EARTH Magazine: New Tracers Can Identify Fracking Fluids

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EARTH Magazine: New Tracers Can Identify Fracking Fluids


Sara Pratt (


Alexandria, Va. — Hydraulic fracturing, the natural gas extraction method known popularly as fracking, has been controversial in large part to the concern about groundwater contamination by the fluids used in the process, especially the so-called flowback fluids that re-emerge at the surface from fracking wells and are usually disposed of by waste water fluid injection into other formations. Now, researchers have developed a geochemical method of identifying fracking fluids in the environment. The tool could be used to identify hazardous spills in the future and may even lead to better use and disposal of fracking wastewater.

Read more about how scientists came up with the new tracers and what they might mean for wastewater disposal in the February issue of EARTH magazine:

For more stories about the science of our planet, check out EARTH magazine online or subscribe at The February issue, now available on the digital newsstand, features stories on how secondary aerosols are affecting Chinese air, how a submarine landslide may have exacerbated the March 2011 Tohoku tsunami, and what a new geochemical map of U.S. soils shows about the country’s soil mineralogy, plus much, much more. And don’t miss our commentary on the long history of celebrating more than just groundhogs on February 2!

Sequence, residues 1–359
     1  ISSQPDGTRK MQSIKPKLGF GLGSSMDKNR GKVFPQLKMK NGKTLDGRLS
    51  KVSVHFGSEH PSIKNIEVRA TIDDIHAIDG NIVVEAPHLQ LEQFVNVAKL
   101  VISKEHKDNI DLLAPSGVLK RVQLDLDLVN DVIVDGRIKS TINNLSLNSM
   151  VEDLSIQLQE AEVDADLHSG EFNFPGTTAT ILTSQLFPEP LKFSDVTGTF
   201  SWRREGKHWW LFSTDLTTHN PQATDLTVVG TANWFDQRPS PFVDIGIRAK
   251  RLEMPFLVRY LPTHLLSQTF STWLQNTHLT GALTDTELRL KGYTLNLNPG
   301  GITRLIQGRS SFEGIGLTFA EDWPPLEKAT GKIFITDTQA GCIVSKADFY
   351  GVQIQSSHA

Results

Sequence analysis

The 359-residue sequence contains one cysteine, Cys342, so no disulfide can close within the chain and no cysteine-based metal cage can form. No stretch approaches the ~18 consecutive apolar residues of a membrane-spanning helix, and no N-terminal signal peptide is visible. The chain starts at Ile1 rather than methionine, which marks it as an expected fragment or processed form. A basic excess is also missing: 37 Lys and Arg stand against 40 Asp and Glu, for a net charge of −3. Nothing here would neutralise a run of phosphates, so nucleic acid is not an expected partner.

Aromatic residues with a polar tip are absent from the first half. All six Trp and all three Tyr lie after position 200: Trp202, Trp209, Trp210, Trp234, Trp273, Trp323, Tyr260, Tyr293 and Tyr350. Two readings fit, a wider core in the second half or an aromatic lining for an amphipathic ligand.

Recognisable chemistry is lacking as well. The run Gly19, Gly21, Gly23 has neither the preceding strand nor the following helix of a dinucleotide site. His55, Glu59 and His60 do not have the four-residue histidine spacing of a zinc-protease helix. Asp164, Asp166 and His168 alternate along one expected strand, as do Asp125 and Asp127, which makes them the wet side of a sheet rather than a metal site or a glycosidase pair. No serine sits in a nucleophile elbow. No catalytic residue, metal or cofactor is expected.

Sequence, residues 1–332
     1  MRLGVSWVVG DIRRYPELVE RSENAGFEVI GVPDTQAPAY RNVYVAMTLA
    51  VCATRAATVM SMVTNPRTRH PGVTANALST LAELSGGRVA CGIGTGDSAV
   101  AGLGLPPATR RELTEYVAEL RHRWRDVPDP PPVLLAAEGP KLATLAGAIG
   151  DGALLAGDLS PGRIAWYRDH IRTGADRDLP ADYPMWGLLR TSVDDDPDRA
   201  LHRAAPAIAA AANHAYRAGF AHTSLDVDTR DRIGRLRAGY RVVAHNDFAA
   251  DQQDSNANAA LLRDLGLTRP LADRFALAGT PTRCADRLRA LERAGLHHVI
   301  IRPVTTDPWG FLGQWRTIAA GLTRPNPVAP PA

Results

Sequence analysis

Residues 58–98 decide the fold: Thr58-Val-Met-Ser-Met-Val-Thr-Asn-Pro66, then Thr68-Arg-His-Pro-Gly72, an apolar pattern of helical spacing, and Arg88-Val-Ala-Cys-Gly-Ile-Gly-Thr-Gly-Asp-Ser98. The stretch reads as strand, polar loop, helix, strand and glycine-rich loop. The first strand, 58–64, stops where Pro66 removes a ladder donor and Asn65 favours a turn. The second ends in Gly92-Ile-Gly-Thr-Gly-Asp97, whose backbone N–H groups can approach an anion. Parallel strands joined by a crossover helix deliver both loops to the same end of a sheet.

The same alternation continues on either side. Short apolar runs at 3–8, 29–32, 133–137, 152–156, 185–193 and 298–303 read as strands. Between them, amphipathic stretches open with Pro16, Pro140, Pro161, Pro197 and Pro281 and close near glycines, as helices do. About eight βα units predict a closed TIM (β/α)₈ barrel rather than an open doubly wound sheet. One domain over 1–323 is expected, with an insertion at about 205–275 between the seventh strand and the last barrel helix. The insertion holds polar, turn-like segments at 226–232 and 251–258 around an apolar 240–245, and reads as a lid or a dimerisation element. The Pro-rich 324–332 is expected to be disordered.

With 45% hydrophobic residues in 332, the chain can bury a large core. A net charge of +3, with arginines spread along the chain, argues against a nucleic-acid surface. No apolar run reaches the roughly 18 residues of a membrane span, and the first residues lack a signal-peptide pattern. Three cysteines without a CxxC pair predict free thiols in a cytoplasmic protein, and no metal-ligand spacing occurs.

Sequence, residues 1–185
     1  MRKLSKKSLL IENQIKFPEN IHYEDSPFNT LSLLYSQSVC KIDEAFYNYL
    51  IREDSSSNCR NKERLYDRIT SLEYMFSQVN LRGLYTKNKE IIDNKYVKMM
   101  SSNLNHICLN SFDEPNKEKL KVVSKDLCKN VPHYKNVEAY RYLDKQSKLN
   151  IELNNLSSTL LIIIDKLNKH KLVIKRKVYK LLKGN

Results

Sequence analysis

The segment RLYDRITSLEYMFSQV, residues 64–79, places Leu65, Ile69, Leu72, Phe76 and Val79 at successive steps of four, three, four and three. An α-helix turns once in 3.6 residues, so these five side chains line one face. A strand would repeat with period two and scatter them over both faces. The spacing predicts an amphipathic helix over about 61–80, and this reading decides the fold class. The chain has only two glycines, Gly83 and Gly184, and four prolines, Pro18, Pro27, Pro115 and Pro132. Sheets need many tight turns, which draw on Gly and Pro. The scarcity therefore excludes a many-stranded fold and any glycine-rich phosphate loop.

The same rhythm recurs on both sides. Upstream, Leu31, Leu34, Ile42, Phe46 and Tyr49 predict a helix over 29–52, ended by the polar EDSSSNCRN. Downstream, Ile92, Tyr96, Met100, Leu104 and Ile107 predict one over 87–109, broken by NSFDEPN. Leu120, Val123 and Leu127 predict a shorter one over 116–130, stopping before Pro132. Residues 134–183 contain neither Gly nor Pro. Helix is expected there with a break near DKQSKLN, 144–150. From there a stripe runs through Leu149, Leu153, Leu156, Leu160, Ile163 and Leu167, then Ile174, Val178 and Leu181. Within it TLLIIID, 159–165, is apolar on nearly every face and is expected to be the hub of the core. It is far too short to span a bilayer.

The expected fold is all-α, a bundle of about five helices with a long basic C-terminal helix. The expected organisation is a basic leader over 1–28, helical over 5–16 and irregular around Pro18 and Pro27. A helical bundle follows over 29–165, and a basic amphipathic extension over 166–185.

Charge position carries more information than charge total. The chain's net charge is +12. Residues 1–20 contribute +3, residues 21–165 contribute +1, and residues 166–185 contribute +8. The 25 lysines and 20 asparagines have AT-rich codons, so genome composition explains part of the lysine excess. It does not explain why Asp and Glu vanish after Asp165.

Keep up to date with the latest happenings in Earth, energy and environment news with EARTH magazine online at: Published by the American Geosciences Institute, EARTH is your source for the science behind the headlines.

The American Geosciences Institute is a nonprofit federation of 50 geoscientific and professional associations that represents more than 250,000 geologists, geophysicists and other earth scientists. Founded in 1948, AGI provides information services to geoscientists, serves as a voice of shared interests in the profession, plays a major role in strengthening geoscience education, and strives to increase public awareness of the vital role the geosciences play in society's use of resources, resiliency to natural hazards, and interaction with the environment.

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